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We described the changing epidemiology of viral hepatitis among the American Indian/Alaska Native (AI/AN) population that uses Indian Health Service (IHS) health care.
We used hospital discharge data from the IHS National Patient Information Reporting System to determine rates of hepatitis A-, B-, and C-associated hospitalization among AI/ANs using IHS health care from 1995–2007 and summary periods 1995–1997 and 2005–2007.
Hepatitis A-associated hospitalization rates among AI/AN people decreased from 4.9 per 100,000 population during 1995–1997 to 0.8 per 100,000 population during 2005–2007 (risk ratio [RR] = 0.2, 95% confidence interval [CI] 0.1, 0.2). While there was no significant change in the overall hepatitis B-associated hospitalization rate between time periods, the average annual rate in people aged 45–64 years increased by 109% (RR=2.1, 95% CI 1.4, 3.2). Between the two time periods, the hepatitis C-associated hospitalization rate rose from 13.0 to 55.0 per 100,000 population (RR=4.2, 95% CI 3.8, 4.7), an increase of 323%. The hepatitis C-associated hospitalization rate was highest among people aged 45–64 years, males, and those in the Alaska region.
Hepatitis A has decreased to near-eradication levels among the AI/AN population using IHS health care. Hepatitis C-associated hospitalizations increased significantly; however, there was no significant change in hepatitis B-associated hospitalizations. Emphasis should be placed on continued universal childhood and adolescent hepatitis B vaccination and improved vaccination of high-risk adults. Prevention and education efforts should focus on decreasing hepatitis C risk behaviors and identifying people with hepatitis C infection so they may be referred for treatment.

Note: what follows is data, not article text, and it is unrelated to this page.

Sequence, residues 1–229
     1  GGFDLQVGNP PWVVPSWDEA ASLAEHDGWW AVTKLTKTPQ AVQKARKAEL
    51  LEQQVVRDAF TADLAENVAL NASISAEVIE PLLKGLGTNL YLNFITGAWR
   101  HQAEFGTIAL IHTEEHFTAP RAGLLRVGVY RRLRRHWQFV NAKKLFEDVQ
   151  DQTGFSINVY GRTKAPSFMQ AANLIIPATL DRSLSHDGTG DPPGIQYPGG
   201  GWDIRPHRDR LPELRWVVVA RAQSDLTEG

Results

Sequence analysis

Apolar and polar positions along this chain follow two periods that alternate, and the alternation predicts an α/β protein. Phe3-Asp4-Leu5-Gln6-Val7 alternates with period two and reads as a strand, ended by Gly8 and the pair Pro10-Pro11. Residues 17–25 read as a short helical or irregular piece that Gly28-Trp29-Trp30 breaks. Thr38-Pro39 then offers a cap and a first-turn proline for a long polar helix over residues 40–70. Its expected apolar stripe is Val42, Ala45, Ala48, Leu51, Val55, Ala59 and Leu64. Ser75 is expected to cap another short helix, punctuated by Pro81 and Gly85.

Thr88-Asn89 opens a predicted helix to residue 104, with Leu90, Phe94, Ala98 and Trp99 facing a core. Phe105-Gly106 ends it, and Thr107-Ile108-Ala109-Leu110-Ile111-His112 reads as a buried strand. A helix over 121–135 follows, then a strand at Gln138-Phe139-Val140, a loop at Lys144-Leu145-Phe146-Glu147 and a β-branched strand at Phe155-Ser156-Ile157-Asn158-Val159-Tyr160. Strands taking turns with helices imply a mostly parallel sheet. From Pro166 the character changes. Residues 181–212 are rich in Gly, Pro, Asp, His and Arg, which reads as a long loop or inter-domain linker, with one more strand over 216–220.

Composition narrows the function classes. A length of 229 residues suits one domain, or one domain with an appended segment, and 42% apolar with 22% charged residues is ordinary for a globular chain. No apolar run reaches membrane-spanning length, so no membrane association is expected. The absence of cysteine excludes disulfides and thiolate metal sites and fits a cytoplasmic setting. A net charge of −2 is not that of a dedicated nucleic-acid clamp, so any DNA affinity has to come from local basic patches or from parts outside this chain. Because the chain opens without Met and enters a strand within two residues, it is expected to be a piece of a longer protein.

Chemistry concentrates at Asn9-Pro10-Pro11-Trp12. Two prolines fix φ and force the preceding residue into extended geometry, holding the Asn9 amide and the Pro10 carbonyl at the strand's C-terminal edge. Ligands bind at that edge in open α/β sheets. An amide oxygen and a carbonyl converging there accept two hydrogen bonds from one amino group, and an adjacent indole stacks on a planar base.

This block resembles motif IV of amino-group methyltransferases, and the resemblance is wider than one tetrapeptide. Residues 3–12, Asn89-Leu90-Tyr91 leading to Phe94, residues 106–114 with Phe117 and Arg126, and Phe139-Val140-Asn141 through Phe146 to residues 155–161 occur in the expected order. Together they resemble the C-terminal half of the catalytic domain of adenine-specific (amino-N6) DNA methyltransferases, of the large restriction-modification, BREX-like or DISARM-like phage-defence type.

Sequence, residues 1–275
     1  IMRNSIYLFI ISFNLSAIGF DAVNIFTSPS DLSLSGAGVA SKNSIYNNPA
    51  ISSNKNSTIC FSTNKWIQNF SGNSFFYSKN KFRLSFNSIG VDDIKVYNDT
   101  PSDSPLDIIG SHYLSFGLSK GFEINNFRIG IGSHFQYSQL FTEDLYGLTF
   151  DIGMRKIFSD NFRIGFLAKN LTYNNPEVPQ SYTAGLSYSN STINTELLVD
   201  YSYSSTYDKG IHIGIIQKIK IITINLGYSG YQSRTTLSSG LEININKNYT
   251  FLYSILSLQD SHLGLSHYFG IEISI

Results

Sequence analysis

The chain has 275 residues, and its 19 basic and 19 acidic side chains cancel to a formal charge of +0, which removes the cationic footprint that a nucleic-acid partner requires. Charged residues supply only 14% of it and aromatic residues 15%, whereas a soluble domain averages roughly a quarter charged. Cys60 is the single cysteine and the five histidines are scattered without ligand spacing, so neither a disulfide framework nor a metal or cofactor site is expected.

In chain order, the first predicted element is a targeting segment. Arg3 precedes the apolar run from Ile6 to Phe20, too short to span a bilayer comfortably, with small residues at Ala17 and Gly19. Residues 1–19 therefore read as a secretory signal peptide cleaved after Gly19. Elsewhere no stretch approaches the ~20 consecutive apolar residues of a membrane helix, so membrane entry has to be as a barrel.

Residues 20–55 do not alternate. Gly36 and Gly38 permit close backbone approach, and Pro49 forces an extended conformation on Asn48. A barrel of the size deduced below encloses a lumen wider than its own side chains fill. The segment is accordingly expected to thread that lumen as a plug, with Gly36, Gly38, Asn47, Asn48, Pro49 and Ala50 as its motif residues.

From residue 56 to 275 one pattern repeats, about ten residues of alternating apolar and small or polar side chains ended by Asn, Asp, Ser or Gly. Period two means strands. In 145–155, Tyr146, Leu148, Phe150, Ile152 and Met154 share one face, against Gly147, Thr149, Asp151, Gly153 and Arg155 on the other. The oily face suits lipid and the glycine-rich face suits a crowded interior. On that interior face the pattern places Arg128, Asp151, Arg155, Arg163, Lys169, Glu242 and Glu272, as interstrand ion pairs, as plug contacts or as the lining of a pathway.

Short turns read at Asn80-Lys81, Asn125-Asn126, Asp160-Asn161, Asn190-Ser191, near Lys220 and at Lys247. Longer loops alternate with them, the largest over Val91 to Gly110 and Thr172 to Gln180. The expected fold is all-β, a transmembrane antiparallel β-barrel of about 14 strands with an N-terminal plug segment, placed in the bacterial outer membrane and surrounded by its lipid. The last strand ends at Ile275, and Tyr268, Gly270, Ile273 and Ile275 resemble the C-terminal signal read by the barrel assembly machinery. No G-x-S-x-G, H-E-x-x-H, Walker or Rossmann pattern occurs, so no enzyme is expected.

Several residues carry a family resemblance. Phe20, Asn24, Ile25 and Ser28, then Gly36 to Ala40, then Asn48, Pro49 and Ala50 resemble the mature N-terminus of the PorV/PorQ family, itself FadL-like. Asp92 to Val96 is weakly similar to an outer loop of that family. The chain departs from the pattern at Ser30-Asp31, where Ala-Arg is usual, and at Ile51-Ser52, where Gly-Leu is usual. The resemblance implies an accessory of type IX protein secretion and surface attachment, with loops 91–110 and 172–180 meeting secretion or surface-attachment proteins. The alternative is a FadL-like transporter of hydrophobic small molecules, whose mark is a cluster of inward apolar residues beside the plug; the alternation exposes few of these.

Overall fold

Since 1995, there have been dramatic changes in the prevalence and relative frequencies of infection and hospitalization due to viral hepatitis in the U.S., especially among the American Indian/Alaska Native (AI/AN) population.1 Historically, hepatitis A was one of the most frequently reported notifiable infectious diseases nationally.2 The proportion of people ever infected with hepatitis B in the U.S. is estimated to be 5%, with approximately 550,000–940,000 people chronically infected.3 Hepatitis C is the most common bloodborne infection in the U.S., with an estimated 1.6% of the population ever infected and 80% of those individuals chronically infected.4
AI/AN people have long suffered from a disproportionate burden of infectious and chronic diseases, including chronic liver disease and viral hepatitis.5–9 For example, the incidence of hepatitis A among AI/ANs has historically been 10 times higher than the national average.10 In 2003, the proportion of deaths attributable to chronic liver disease among AI/ANs was approximately four times greater than that of the total U.S. population and was the fifth-leading cause of death among this group.6,7 Hepatitis C is one of the most common causes of chronic liver disease among this population.7